This crippled fish did not last long if big snapper were about, and it was here that he brought the stump-puller gear into play.
In the territory being fished, no quarter could be given. Even a metre of leeway would see the snapper into the weed or under rocks. So it was a very heavy drag setting, and hang on.
Brutish and unsporting, perhaps, but highly effective if snapper fillets for dinner is the aim.
It was this episode, and there have been many others, that reminded me that there is no one answer; there are answers but they dependent on the situation at that time and a place.
One of the more enduring "one answers" has been the keeper-hook answer from the first 'Snapper Secrets' video.
The 'keeper-hook' was a small hook threaded to be free running above the bigger main hook. The idea was to use the 'keeper-hook' to help hold the bait. There was Bill and Geoff on the video sitting in the shadows of the Auckland Harbour Bridge pulling in what they called 'pan-sized' snapper, and if you held them close to the camera lens and away from the body, I suppose they were.
Much was made of the ability of this 1/0 or 2/0 keeper-hook's ability to catch fish.
Too quickly the keeper-hook theory became for some, an unarguable truth, a one answer. It was not of course. For catching 'pan size' snapper it is a valuable aid.
But if large snapper are the target, the 'keeper' hook may as well be, and probably more effectively be, the same size as the main hook.
Another enduring 'answer' has been the apparent NZ fetish with huge line capacities on reels. I am talking here about basic bottom bouncing for snapper and such, not big-game or light-line fishing.
As a wild generalisation, most recreational fishing for snapper is done in say 10 to 30 meters of water. Most reels are filled by somewhere close to 300 meters of it's recommended line weight. So in 10 meters of water a fish has to pull off 290 meters of line to empty a spool, and then break the line off at the arbor.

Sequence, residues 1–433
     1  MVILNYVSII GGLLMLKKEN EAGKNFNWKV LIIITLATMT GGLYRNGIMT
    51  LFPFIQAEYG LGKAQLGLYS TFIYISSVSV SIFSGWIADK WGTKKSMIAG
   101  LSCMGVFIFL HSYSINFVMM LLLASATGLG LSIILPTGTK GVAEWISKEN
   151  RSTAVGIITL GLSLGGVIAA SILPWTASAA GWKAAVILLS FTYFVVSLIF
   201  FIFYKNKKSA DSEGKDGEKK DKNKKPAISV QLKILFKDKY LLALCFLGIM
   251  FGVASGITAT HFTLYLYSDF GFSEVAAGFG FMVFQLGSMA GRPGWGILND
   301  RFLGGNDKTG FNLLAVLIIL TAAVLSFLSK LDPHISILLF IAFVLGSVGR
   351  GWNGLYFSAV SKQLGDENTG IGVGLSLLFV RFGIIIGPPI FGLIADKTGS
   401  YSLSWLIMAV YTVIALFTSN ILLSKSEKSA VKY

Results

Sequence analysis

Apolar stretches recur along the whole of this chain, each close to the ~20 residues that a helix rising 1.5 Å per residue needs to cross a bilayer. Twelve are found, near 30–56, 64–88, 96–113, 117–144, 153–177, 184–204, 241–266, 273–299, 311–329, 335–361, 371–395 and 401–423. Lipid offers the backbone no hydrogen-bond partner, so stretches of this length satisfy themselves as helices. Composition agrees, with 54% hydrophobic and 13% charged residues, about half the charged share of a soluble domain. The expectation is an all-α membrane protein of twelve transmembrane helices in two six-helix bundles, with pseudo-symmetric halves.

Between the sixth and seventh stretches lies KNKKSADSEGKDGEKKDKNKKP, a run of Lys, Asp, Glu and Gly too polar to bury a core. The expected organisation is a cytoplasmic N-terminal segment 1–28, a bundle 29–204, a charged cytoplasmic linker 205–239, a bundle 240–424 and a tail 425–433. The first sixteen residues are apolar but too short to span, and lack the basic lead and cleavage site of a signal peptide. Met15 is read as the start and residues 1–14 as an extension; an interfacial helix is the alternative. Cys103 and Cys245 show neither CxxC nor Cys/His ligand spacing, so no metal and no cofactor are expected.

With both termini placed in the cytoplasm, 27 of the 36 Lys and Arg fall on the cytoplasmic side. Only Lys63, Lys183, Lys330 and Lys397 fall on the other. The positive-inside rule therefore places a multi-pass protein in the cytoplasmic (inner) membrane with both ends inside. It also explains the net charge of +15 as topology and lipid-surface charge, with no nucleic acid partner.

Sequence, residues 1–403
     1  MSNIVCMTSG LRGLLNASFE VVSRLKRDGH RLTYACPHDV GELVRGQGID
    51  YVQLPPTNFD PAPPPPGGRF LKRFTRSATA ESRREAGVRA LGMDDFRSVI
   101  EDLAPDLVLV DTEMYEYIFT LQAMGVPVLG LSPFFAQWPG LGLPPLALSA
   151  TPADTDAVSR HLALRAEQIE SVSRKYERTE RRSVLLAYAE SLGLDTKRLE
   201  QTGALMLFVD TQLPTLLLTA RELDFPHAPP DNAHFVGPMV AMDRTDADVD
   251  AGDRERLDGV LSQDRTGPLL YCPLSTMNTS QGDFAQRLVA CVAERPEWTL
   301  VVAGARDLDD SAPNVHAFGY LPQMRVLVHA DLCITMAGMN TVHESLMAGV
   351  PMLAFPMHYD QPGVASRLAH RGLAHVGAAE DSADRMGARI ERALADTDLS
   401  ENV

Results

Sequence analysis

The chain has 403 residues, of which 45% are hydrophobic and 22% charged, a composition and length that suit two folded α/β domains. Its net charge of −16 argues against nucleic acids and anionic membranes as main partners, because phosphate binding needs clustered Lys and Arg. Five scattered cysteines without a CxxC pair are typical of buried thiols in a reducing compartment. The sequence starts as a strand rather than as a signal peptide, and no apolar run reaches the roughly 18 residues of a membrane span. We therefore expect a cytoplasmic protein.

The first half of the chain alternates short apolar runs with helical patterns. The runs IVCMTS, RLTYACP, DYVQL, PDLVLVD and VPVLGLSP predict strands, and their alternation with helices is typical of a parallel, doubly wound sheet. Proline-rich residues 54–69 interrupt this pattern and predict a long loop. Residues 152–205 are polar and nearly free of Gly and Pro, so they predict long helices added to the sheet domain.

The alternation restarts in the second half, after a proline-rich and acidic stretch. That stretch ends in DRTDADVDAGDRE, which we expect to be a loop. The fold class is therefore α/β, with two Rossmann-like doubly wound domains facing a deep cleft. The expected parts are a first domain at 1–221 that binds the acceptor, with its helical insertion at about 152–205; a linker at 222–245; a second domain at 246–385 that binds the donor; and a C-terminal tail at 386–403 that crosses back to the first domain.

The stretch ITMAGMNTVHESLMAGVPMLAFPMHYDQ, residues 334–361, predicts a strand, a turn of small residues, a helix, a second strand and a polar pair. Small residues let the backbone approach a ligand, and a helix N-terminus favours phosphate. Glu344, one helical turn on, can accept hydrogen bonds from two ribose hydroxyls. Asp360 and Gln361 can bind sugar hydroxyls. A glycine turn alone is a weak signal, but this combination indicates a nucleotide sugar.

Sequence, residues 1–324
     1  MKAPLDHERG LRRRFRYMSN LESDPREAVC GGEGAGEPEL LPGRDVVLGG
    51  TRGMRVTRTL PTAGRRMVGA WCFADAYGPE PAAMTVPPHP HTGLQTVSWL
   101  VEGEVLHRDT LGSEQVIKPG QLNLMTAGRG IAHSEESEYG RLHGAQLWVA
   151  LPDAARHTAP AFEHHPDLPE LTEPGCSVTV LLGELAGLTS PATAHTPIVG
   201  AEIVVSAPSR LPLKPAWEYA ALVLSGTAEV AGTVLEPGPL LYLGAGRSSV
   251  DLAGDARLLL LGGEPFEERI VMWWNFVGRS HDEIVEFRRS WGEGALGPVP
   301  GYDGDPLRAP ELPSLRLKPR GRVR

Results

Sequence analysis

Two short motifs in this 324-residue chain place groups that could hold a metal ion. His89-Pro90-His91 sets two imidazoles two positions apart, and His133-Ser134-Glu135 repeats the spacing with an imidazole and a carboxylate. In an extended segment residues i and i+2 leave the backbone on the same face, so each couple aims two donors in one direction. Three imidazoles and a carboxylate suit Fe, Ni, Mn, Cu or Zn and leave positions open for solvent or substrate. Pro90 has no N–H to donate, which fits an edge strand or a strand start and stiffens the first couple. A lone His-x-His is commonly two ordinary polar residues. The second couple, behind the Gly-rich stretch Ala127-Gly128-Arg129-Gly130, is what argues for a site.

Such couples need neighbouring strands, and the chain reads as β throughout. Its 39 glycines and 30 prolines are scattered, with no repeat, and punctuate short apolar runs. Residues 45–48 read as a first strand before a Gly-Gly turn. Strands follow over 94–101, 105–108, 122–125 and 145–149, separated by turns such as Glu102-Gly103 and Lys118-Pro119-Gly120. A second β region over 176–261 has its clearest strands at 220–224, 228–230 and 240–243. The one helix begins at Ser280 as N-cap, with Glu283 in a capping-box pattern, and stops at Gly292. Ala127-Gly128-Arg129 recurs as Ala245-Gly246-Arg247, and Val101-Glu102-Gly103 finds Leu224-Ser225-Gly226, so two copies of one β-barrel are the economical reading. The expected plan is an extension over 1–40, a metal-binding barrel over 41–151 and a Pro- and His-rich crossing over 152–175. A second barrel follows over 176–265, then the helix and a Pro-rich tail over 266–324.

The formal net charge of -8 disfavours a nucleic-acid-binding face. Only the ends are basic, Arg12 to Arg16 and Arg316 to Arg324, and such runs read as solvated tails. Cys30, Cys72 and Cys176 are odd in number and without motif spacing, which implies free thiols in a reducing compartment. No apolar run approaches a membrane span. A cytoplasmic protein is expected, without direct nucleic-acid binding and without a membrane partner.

That is sprinting, pulling a weight usually around 25% or more of a snapper's body weight, down three full-sized football fields. Give me a break!
Trout fishing is a quiet sport, right? Enter the water quietly, make as little disturbance as possible. This is the right answer most of the time, but it is not the answer.
One early, cold but clear, Spring September morning, myself and another who had joined me, were fishing the Hay Barn area on the lower Tongariro. After an action packed morning, things went very quiet. There were fish there, we could see them.
My fishing companion, a bloke in his late sixties came up with a wild suggestion that had worked for him in the past.
He wandered up the bank and came back with large clay sods. The first he tossed with a huge splash in the tail of the pool, the second exploded the quiet of the middle, and the third shattered any peace at the head.
The fishing picked up immediately. "All they needed was a stir up," my wise companion said, "after the first section of their run up the river, they seem to settle down and become inactive, they need a wake up." The tactic worked that day; and quite a few days since.
When it all boils down, there is no single answer to any fishing problem, or situation.
There is an old saying that goes like this, 'even a fool must be right now and then, even if by chance.'
Article written by Tony Bishop